The Restaurants at the End of the Universe: The Wackiest Places to Eat on Earth

Eating out is good isn’t it? There’s nothing sweeter than taking the other half out for an evening of candle-lit fine dining, being waited on hand and foot, and the ambience of a bustling restaurant. Except the kids of course. There’s always a family with kids. And the horrendous prices that require you to remortgage your home for a shot at a breadstick starter. And the incessant noise that commands you utter sweet nothings at a volume you usually reserve for politely telling the neighbours to keep their cat off your garden. In fact, forget going out.

Fish and chips and awful telly isn’t a bad evening, right?  That is of course, unless you’re going to take in a meal at one of the following fine establishments, where noise, children and extortionate prices are going to be the least of your worries. Here are our wackiest, weirdest, and wild alternative restaurants from across the globe!

Dinner in the Sky

We’re going to start on a high then as the Brussels-based restaurant Dinner in the Sky isn’t so much a restaurant as it is a table, suspended 150 feet in the air by a crane, serving 22 people who are all sat around the table presumably too terrified to move an inch. There’ll be no leaning across the table to politely pass the salt here, as doing so could result in a fatal plummet to the floor, cutlery in tow. It’s mad, but also an oddly attractive proposition, supposing you could eat through the relentless nosebleeds that is.

Modern Toilet

Probably one of the most well-known quirky restaurants around, Modern Toilet’s seating arrangements involve, you guessed it, toilets, whilst toilet rolls are nearby for use as napkins and food is served in miniature toilet bowls. Perhaps most incredulous of all though, the food is faeces-shaped and the drinks come in tiny urinals. Whilst I personally don’t understand why any man would even visit this uncivilized pit of toilet-based deprivation of his own free will, let alone go in and order food with the intention of eating faeces shaped ‘food’, the restaurant is certainly a hit in Taipei. Only the Taiwanese eh?!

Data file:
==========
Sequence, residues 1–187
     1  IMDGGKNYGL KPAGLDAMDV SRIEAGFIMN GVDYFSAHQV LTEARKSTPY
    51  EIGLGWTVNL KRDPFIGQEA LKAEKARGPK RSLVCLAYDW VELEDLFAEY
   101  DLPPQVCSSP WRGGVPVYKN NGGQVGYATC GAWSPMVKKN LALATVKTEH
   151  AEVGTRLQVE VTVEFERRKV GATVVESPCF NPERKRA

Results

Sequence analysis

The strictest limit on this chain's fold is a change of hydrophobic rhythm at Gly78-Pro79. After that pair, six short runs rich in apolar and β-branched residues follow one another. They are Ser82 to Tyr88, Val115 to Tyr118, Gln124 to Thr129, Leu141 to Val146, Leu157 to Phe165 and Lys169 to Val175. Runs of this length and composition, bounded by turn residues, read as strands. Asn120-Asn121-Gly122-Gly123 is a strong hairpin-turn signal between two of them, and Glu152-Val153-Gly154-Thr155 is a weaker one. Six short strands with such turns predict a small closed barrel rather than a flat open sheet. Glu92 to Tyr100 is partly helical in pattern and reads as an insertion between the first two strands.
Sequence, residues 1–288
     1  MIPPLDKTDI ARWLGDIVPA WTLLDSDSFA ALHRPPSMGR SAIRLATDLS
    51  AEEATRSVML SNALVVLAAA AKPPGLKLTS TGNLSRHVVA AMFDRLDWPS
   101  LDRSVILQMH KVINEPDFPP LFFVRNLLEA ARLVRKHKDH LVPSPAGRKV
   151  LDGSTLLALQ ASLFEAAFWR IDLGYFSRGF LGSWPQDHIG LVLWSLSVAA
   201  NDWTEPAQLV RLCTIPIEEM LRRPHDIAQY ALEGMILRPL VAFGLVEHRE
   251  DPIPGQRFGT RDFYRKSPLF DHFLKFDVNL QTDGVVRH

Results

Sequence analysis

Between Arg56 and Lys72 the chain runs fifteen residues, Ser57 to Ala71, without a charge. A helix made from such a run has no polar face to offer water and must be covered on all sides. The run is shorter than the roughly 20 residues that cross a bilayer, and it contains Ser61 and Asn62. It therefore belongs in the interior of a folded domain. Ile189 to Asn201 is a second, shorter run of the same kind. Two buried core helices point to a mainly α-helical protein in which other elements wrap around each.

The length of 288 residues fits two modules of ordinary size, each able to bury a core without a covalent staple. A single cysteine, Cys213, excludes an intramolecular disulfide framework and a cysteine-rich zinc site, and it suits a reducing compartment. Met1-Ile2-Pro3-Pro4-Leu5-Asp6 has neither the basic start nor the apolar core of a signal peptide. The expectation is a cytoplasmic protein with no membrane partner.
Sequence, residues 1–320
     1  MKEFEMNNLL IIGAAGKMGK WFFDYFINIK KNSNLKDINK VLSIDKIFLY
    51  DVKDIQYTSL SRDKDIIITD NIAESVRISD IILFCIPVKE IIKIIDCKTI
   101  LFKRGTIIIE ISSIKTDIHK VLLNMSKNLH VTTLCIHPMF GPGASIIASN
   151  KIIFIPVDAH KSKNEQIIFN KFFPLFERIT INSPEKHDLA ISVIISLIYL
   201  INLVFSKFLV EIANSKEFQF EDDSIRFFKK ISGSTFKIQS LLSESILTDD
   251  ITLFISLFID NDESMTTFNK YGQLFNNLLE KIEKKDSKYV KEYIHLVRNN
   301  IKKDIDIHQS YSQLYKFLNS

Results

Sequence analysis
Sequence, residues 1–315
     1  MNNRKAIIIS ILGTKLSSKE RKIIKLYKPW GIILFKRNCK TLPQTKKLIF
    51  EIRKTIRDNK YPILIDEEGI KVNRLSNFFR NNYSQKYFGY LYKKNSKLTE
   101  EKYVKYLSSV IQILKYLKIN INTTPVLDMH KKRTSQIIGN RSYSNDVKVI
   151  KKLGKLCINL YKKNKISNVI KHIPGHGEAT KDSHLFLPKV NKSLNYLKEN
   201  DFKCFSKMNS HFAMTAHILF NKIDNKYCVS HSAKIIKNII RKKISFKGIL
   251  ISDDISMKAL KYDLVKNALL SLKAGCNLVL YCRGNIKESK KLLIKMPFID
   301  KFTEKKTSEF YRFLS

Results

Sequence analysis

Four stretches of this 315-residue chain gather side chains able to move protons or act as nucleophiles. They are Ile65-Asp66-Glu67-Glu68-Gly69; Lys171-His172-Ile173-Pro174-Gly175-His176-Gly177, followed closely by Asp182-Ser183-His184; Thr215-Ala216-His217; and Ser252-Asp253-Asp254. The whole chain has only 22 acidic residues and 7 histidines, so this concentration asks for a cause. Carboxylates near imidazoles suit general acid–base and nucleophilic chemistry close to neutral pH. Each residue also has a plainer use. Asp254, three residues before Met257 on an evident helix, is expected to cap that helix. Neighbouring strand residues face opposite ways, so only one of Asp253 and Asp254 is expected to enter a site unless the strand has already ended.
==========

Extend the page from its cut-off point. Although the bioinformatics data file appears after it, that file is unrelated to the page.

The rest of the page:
Pitch Black

For some, darkness instigates panic. In a power cut we’ll flail around wildly knocking over tall standing bookshelves and other furniture trying to find a torch. Not in Beijing though, oh no.

Over in China, they enjoy eating in it, or at least, they do in peculiar restaurant Pitch Black, where the lights are off and the waiting staff have to wear night vision goggles, which is a definite perk to the job, one that comes hand in hand with the risk of plate-related injury when you trip on a chair leg and send the dinner, not to mention yourself soaring across the room, presumably taking out a table or two, and causing widespread heart attacks through the restaurant. The idea is, the loss of sight heightens your ability to taste; and fall over!


Ithaa’s appeal lies chiefly in the beautiful curved glass ceiling that you eat beneath in style and luxury. Oh and a flatfish might give you a jealous glance whilst floating by. Yes, this Maldives eatery is the first undersea restaurant in the world, one that amalgamates all the fun of the Sea Life Centre, with fine dining and food!

Robot Kitchen

Remember the 50’s ideal of a futuristic world? The clunky robot maids, the huge computers, the stark continued use of wristwatches? Well somewhere in Hong Kong, that concept was never really dropped, even with dawn of iPads, tablets, the cloud and all those gadgetry innovations. Robot Kitchen employs a host of vaguely people-shaped robots who’ve dropped straight out of The Jetsons to prepare the food, race between tables taking orders and deliver the meals as well.

With a certain robot made for each job, this still sounds like a recipe for disaster to me, especially if they’re running on any iteration of Windows. Would you eat anything made by Vista, or Windows 98? Me either. That said, the novelty would be enough!

So there we have it, the weird, the wonderful, the downright foolish and the bafflingly questionable in restaurants around the world. Where would you wish to eat?? In the dark? Or at a dangerous, stomach-churning height!? Answers on a post card please, or in the comment section below!

This article was written by Rob Vicars on behalf of Eclipse Furniture, experts in delivering beautiful, practical and robust furniture for your restaurant, whether it’s under the sea, or 150 feet in the air.

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